There is a lot of information here with no

cues as to what is the most important.

This is the same information but

organised to be easier to read.

What three categories can it be loosely organised into?

News Media

st• internet

What features might you expect to find in print news media (newspaper article)?

Could you make a bullet point list of features?

• Read the text on the next page and highlight the features of a

newspaper report.

BOY AND MOTHER STILL MISSING AFTER FREAK CAR ACCIDENT

by Eileen Smythe

(25th May 2006, New York Daily News)

Sally Jackson and only son Percy are still missing one week after their mysterious disappearance.

The family’s badly burned ‘78 Camaro was discovered last Saturday on a north Long Island road with the roof ripped off and the front axle broken. The car had flipped and skidded for several hundred metres before exploding.

Mother and son had gone for a weekend vacation to Montauk but left hastily, under mysterious circumstances. Small traces of blood were found in the car and near the scene of the wreck, but

there were no other signs of the missing Jacksons. Residents in the rural area reported seeing nothing unusual around the time of the accident.

Ms Jackson's husband Gabe Ugliano claims that his stepson, Percy Jackson, is a troubled child who had been kicked out of numerous boarding schools. He has expressed violent tendencies in the past.

A police spokesperson explained, “We can neither confirm nor deny whether Percy is a suspect in his mother’s disappearance, but we have not ruled out foul play.”

Below are recent pictures of Sally Jackson and Percy. Police urge anyone with information to call the following toll-free Crime Stoppers hotline 0088-0454-566.

History

Ancient Greek Timelines

Ancient Greece – live lessonO

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The 4 main eras of Ancient Greek pottery

Dark Ages Part 1 (1000BCE)For more information search: “Minoan Crete pottery” and “Mycenaean mainland civilisations pottery”. Can you see the simple shapes?

The Classical Period (500-300 BCE) –For more information, search: “red-figure technique Greek pottery”.Remember the black and red!

The Archaic Period (800-500BCE) –For more information, search: “Proto- Corinthian pottery”.Remember the black and brown!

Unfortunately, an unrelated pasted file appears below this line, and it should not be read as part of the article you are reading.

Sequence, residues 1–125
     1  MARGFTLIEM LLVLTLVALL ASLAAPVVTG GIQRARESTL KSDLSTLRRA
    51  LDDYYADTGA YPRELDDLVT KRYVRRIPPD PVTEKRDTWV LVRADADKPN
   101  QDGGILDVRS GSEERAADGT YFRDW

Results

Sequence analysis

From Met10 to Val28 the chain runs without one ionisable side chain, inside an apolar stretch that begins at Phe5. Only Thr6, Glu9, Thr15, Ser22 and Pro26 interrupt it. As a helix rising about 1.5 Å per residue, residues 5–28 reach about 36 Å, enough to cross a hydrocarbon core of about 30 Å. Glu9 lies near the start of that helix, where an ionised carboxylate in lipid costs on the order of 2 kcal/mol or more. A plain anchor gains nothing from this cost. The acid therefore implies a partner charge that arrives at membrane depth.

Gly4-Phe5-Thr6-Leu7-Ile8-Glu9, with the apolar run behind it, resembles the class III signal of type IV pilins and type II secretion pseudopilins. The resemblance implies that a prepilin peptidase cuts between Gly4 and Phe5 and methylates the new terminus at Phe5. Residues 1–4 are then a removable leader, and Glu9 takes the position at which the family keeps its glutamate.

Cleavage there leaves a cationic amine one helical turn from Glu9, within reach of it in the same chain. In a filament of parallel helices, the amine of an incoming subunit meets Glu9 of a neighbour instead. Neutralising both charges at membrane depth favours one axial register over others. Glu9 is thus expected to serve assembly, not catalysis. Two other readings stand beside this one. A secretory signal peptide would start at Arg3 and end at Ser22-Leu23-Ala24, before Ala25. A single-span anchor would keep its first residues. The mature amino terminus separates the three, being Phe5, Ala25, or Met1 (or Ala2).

Dark Ages Part 2 (1000-800 BCE)For more information, search: “Maeander design”. Can you see the bold linear lines?

UKS2: Topic: Ancient Greece Block A Timeline Session 2

© Original resource copyright Hamilton Trust, who give permission for it to be adapted as wished by individual users.We refer you to our warning, at the foot of the block overview, about links to other websites.

Dark Ages Part 1 (1000BCE)For more information search: “Minoan Crete” and “Mycenaean mainland civilisations”.Can you see the simple shapes?

Dark Ages Part 2 (1000-800 BCE)For more information, search: “Maeander design”. Can you see the bold linear lines?

The Archaic Period (800-500BCE) –For more information, search: “Proto- Corinthian pottery”.Remember the black and brown!

The Classical Period (500-300 BCE) –For more information, search: “red-figure technique Greek pottery”.Remember the black and red!

• Can you order all the events on the next slide into an ancient Greek

Timeline?

Order Ancient Greek Events on a Timeline

500 BCDemocracy used in Athens

334 - 323 BCConquests of Alexander the Great

447 – 438 BCParthenon is built

800 BC Greeks sail to set up colonies

1200 BC Trojan wars

146 BC Greece part of Roman Empire

3000 BC Minoan civilisation begins on Crete

490 – 480 BC Persian wars – Greeks win

700 BC Illiad and Odyssey written by Homer

600 BC First Greek coins are used

776 BC First Olympic games

1100 BC End of Mycenaean age

750 BCFirst Greek alphabet created